A person having a cardiac arrest is more than twice as likely to survive if someone intervenes using CPR in the crucial first minutes, but too many Australians wouldn’t realise what was wrong or what to do.
New research released by the national Heart Foundation reveals one in five people don’t know how to recognise a cardiac arrest and 40 per cent wouldn’t feel confident enough to administer cardiopulmonary resuscitation.
Researcher Janet Bray from Melbourne’s Monash University has been looking at ways to improve cardiac arrest survival rates through community education.
As part of the research 175 triple zero call recordings in cases of cardiac arrest were reviewed where the patient did not receive CPR from a bystander.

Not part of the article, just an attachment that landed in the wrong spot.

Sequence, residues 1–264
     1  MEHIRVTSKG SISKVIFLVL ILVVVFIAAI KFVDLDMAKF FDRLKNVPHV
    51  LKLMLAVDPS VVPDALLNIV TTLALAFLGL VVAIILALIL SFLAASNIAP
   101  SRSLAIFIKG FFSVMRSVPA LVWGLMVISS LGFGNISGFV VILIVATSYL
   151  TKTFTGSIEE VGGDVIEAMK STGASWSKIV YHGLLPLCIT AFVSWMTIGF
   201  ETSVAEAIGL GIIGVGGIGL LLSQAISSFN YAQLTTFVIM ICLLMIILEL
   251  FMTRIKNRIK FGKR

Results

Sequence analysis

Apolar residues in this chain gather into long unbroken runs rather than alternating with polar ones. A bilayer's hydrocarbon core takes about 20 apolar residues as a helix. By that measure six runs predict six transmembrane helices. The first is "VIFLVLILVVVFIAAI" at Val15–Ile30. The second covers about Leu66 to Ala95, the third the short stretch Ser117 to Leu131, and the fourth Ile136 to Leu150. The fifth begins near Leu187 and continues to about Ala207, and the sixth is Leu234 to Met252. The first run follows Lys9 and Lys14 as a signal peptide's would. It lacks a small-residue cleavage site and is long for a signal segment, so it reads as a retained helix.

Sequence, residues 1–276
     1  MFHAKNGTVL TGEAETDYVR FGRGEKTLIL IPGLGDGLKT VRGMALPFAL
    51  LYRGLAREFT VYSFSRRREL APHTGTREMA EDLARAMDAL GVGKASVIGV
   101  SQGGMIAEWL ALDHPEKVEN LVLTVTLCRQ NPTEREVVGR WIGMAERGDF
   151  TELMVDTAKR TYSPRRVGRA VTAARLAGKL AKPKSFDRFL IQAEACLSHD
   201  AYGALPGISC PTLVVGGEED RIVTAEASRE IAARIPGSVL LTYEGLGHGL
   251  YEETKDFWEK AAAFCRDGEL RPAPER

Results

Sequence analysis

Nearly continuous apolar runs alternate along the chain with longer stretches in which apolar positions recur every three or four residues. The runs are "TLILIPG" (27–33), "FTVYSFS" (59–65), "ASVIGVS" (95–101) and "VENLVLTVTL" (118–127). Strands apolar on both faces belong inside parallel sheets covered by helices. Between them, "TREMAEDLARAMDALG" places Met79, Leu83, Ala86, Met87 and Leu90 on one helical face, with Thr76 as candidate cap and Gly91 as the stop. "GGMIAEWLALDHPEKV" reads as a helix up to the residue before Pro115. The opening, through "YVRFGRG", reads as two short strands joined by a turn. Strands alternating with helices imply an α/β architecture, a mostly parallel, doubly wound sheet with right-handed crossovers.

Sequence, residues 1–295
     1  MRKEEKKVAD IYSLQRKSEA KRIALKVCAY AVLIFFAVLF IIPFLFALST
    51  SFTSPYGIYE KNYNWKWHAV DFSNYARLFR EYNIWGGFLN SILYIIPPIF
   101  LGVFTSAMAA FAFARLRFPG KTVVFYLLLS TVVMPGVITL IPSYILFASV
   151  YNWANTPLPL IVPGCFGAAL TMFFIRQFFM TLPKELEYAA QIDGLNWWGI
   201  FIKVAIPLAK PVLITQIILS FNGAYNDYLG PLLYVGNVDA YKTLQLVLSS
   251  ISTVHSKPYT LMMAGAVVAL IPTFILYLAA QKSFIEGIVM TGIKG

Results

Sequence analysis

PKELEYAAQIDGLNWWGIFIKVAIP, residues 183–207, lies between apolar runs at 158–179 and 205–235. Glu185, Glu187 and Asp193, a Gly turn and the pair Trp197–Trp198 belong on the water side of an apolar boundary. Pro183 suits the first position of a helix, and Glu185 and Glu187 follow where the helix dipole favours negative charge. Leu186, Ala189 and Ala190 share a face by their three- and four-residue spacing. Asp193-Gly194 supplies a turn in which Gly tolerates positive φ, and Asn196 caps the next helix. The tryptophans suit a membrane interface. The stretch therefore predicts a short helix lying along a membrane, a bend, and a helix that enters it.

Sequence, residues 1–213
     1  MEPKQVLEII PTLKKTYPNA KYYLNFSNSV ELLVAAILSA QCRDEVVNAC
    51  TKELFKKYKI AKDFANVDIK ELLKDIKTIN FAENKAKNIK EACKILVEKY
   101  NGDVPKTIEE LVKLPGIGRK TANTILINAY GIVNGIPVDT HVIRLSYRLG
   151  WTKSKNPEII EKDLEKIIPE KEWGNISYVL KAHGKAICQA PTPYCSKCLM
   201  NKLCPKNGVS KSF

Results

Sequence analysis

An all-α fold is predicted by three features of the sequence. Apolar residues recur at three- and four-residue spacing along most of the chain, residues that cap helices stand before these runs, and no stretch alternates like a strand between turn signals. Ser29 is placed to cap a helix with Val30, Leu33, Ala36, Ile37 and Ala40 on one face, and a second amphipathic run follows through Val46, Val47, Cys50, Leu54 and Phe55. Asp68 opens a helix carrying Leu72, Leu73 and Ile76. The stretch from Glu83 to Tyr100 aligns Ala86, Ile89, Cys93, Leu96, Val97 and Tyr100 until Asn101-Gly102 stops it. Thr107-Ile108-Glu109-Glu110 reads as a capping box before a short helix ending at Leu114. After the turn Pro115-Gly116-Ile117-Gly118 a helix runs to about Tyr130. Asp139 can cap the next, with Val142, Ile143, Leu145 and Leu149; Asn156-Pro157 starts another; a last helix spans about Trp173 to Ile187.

‘‘We wanted to try and understand the reasons why people did not intervene (as) the caller got as far as receiving CPR instructions from the call operator in only 19 per cent of cases,’’ Dr Bray said.
The Heart Foundation estimates there are 11000 to 15000 cases of cardiac arrest each each year in Australia, and 10000 people die from it.
Heart Foundation VIC Board Member and cardiologist Nick Cox says learning CPR could potentially be lifesaving.
‘‘We know that every minute without CPR, your chances of surviving a cardiac arrest go down by 10 per cent, and after 10 minutes without it there is little chance of survival at all,’’ Dr Cox said.
A person can have a cardiac arrest without having a heart attack, but a heart attack — caused by a blockage in a coronary artery — can lead to a cardiac arrest.
A cardiac arrest is a problem with the electrical system of the heart; the heart suddenly stops beating, resulting in no blood flow to the brain and other vital organs.